Philip K Dick: Vulcan’s Hammer

November 19, 2018

51kYpaCvS5L._AC_US218_I’ve been a fan of Philip K Dick’s science fiction ever since I first read something by him as a student. He’s a brilliant writer – although very uneven in quality – and a fellow-writer once dubbed him ‘the best science fiction writer on any planet’, which probably does him justice… But I’m aware I have a few favourites which I re-read every now and then, and that there is a lot of his work I haven’t touched for years – so time to put that right. I decided to embark on a re-reading of his novels in the sequence they were written, to see whither that is illuminating in any way at all. I don’t know whether I’ll last the course, as some of his later books were quite bonkers, as I recall, reflecting his own very chaotic and tormented life.

Vulcan’s Hammer was apparently the first to be written. The opening – in medias res – is effective, immediately establishing an atmosphere of fear, paranoia and mystery. Paranoia in many forms permeates most of Dick’s work, so no surprises here. He envisages a future with a world authority rather than individual nation-states, and everyone under surveillance to maintain stasis: prophetic enough when I look at today’s China, for example.

I did find myself noticing some shoddy language, suggesting a hastily-written text, and wonder if traits like this are harder to notice in SF, or perhaps more easily overlooked when one is taken over by plot and visions of the future? Certainly it’s one of those things I heard non-SF readers mention about the genre.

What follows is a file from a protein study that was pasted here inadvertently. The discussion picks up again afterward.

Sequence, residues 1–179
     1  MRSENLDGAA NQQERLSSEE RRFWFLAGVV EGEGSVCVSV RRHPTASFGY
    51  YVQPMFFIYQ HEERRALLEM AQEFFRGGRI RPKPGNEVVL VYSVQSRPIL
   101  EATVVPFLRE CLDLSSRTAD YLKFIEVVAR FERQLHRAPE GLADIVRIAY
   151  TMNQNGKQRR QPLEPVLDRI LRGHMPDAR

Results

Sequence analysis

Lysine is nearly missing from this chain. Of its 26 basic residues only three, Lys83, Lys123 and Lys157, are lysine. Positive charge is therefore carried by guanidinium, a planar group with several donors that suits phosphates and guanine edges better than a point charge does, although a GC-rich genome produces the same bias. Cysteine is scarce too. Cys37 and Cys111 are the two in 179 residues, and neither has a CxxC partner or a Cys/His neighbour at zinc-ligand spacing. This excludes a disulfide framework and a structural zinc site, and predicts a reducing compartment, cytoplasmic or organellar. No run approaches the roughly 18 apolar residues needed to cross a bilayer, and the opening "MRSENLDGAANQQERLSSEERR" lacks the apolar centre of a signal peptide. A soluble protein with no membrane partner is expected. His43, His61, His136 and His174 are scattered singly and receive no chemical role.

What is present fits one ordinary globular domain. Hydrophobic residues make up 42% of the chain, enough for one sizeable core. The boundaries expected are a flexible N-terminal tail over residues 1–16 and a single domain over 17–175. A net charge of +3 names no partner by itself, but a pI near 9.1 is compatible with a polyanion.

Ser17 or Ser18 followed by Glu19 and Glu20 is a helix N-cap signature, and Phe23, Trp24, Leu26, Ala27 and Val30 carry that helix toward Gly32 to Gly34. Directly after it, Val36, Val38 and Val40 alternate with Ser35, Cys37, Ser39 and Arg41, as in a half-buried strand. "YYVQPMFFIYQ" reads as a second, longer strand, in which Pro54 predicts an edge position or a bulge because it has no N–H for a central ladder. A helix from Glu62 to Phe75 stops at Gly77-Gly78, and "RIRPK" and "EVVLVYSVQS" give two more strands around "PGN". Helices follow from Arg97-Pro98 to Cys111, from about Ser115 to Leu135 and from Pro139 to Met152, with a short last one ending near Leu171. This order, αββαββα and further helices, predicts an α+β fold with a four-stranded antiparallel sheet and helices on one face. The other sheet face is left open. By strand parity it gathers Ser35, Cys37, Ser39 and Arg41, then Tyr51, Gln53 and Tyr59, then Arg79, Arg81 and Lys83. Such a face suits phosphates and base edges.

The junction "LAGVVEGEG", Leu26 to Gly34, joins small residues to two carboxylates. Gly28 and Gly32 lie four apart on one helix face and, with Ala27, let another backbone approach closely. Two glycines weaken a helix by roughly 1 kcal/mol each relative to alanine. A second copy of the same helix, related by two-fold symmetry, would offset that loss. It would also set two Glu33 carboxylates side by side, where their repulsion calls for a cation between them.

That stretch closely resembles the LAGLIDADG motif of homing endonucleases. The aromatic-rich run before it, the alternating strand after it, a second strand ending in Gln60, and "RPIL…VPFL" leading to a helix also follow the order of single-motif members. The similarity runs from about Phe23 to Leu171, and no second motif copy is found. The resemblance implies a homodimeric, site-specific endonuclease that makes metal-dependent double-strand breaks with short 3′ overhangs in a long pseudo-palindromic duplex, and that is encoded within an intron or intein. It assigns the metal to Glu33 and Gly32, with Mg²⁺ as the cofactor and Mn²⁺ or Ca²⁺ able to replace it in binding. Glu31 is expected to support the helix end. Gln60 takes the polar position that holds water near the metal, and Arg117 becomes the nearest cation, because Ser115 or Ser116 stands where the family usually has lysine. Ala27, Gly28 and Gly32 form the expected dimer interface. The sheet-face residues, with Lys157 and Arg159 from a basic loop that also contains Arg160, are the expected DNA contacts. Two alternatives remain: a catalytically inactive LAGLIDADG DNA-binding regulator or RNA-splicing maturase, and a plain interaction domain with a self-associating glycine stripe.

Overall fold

As the story develops we see emerging a conflict between two computers striving to control the world, and a people-led organisation that seeks freedom from control (although, in a typical Dickian paranoid twist, it turns out that this movement is actually a creation of one of the computers, unbeknown to its leader…) Surely Dick is looking forward to our world, where the potential of AI, and machines to manipulate us is currently a live issue? His controllers analyse the lower classes as risk-takers and gamblers who have not bought into security and stability: what does that remind you of?

But surely Dick is at his most prophetic when he visualises autonomous, programmed killing devices which can be used to target individuals – and he was writing in the 1950s! Killer drones – for that is surely what they are – are found in many of his novels and stories, as is the idea of machines creating ever more sophisticated killing machines, beyond the control of the humans who originally created them. There he was, sixty years ago, planning today’s nightmares…

Dick’s powerful controller Vulcan 3 is a paranoid computer, suffering from HAL syndrome more than a decade before Kubrick’s epic 2001: A Space Odyssey. And we are clearly in a world where Asimov’s Third Law of Robotics does not obtain. Equally, he’s aware of the powerlessness of a grassroots movement faced by a modern bureaucratic state.

And yet, even in this first novel, Dick never loses sight of the human: the denouement returns to that level. There is a plot twist which is a bit of a cheat – no spoiler here – and I kindly remember that this is his first novel. So many of the ideas he will play with and explore in later novels and stories are foreshadowed here, albeit crudely. And you can already see that a writer who can juggle so many balls at once is something of a visionary.

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